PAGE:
Remember the window seat from this post?
It has super-high windows that need a little help.
I planned to make roman shades for these windows like these roman shades I made out of drop cloth.
But did I really need to go to all that work?
Was I ever going to crawl up on the window seat and stand there and reach up raise these shades up and down?
I came up with this easy faux roman shade option for these windows. Now in full disclosure, if you tend toward perfection? If random uneven lines and things that are not really lined up and kind of making it work folds of material are not your thing?
Walk away now.
This tutorial is not for the perfectionist in any of us.
How to make a faux roman shade
1″ x 2″ board
Step 1: Cut the 1″ x 2″ board the width of your window
There are three windows in our window seat.
Two of them measure 24″ across.
The larger one in the center measures 42″ across.
We cut a board to fit INSIDE the window because I wanted the shades to be inset. If you prefer your shades to be on the outside of the window frame, add 2″ of board on each side when you cut your wood.
Step 2: Cut your fabric
You want to cut a length of fabric twice the length of the window. This will give you plenty of leeway (is that even a word and is that even how you spell it) when gathering it up at the bottom and creating your faux shade.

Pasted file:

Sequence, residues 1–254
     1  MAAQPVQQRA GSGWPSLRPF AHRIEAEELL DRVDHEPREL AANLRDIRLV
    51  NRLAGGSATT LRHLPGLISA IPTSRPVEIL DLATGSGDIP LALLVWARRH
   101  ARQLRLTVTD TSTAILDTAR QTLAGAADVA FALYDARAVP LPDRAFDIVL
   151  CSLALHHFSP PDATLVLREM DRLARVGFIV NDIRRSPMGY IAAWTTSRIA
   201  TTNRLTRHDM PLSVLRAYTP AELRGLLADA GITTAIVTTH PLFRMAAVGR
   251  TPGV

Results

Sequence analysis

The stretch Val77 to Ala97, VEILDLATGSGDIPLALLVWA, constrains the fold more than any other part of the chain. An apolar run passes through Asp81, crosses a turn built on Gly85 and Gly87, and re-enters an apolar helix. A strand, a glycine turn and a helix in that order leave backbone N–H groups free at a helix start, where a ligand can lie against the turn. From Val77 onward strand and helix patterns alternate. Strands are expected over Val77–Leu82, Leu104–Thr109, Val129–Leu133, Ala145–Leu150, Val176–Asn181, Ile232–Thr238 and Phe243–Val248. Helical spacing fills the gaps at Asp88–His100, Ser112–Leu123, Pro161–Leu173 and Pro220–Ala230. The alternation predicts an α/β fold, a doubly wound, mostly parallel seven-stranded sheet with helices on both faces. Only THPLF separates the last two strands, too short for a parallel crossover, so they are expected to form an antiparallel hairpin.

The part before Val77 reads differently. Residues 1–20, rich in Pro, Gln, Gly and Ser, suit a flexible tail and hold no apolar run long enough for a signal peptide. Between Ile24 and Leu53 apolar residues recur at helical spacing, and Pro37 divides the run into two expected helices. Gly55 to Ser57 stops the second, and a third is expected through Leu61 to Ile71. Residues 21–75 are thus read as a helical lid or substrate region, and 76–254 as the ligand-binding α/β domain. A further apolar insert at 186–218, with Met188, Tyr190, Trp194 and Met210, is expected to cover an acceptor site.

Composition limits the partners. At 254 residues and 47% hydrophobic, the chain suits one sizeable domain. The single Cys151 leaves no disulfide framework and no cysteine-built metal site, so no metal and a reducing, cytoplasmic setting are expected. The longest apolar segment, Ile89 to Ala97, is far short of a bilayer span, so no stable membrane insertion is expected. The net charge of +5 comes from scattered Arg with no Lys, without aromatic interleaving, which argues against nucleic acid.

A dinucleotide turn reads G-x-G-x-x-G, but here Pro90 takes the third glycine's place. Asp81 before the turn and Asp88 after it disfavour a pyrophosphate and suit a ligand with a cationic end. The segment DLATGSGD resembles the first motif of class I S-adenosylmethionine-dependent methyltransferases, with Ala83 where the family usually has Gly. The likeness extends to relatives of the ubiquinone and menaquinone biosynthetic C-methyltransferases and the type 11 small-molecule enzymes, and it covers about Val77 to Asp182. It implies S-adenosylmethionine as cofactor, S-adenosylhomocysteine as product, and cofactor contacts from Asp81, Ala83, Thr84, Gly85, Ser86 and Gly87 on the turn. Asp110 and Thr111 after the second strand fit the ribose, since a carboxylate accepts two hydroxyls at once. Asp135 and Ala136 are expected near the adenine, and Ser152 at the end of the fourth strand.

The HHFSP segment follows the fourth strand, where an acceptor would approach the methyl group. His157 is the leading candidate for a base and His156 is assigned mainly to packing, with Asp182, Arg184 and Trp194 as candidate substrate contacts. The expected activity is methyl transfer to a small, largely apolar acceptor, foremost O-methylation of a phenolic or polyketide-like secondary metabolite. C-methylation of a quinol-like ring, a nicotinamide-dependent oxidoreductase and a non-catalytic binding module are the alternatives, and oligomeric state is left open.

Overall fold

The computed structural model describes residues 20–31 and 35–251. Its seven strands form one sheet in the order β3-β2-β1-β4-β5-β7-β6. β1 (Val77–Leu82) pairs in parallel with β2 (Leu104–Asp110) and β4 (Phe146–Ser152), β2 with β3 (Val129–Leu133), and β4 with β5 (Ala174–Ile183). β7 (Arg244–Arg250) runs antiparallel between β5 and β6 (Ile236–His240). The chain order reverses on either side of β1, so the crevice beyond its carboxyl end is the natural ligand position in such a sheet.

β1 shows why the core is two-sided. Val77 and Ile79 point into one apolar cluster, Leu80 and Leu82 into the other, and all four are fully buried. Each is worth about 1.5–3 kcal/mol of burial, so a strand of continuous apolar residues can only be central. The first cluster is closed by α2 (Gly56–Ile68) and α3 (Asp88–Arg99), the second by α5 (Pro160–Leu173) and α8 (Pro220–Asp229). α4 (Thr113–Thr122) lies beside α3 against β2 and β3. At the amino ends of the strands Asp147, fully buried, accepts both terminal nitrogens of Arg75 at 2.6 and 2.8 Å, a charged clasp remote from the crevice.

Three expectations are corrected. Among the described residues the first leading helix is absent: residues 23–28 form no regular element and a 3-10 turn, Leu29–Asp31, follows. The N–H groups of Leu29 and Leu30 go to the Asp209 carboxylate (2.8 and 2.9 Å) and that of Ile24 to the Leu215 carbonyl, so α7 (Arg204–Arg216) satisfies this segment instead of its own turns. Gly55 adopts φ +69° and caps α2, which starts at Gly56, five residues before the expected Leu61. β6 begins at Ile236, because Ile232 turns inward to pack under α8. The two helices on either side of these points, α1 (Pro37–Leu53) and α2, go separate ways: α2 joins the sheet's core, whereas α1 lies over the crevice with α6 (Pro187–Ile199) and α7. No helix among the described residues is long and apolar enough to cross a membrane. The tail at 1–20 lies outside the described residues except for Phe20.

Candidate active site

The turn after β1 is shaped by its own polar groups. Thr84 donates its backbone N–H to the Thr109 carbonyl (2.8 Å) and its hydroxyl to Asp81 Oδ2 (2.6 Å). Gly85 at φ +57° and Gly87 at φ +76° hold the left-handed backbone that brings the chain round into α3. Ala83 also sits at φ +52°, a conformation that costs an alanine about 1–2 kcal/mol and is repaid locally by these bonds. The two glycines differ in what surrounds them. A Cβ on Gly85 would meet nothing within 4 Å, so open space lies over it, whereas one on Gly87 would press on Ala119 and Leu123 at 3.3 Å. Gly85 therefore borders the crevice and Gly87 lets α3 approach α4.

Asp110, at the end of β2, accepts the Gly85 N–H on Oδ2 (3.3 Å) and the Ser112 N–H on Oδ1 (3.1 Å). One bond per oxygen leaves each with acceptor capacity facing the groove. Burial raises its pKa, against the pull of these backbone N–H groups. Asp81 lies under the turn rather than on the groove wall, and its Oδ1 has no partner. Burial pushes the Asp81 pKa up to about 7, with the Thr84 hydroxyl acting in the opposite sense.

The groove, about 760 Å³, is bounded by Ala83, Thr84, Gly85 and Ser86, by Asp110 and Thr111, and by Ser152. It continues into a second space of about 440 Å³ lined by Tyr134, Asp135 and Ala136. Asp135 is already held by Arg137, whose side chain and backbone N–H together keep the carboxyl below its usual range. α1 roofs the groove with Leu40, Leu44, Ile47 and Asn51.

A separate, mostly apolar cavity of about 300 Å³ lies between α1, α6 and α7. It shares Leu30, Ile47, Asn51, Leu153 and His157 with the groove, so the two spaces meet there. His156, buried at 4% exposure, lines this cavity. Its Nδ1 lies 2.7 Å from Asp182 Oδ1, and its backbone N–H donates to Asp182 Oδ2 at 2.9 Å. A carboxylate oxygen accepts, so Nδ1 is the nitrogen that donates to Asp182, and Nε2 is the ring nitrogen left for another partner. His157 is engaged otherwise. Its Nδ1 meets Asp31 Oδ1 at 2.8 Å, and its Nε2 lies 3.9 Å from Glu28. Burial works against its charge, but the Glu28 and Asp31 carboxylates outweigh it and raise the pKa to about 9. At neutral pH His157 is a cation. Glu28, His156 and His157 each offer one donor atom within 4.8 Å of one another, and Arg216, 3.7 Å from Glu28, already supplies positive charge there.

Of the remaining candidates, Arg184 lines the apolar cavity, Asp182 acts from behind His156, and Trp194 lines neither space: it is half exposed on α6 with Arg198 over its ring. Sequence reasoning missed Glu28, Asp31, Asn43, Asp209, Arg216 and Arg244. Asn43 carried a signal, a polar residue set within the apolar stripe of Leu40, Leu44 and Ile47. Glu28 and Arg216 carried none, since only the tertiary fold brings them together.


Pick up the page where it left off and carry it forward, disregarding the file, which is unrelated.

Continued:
Allow a 2″ seam allowance on each side when you cut your fabric.
Step 3: Sew (or fabric glue) your hem
Fold under and sew (or use fabric glue) to create a hem on three sides of the fabric.
Step 4: Staple the fabric to the board at the top
Wrap the fabric around the board.
Twist once so the fabric hangs down as shown.
Staple in place with the staple gun.
Now you are ready to start faux roman shading it.
Step 5: Fold the shade and pin in place
Just between us.
That step sounds SO MUCH EASIER than it actually is.
It’s not that it’s hard—it’s just unwieldy.
Here’s what you want the shade to look like after you finish.
Here are some tips for the folding process:
- Each fold is about 3″ wide
- You want to mimic a roman shade and fold them close together
- You’ll also want to pin the shade in the middle if you want the shade to hold its shape
- If you want the shade to drape, simply pin on the sides
- I love these pins with larger heads to make them easier to see
- I got the pins at Hobby Lobby in a package of 50
- Feel free to add an extra random pin here and there to hold it in place
- After you’ve pinned the shade, hold it up and readjust
- Complete these steps over and over and over again until it looks right
- Patience is the key
- YOU ROMAN SHADE GOT THIS
Step 6: Hang the shades inside the window
We hung the shades inside the window.
One note—this fabric is reversible, so I didn’t need to line it. If your fabric isn’t reversible, then you may want to line your curtains, especially if the back of your curtains are visible like these curtains are.
Here are the finished shades.
I love how they look in the space and how they add a little bit of color and texture to the windows.
The shades are keeping the window seat company.
All they need now is a cup of coffee and a really good book…..
….and me. 🙂
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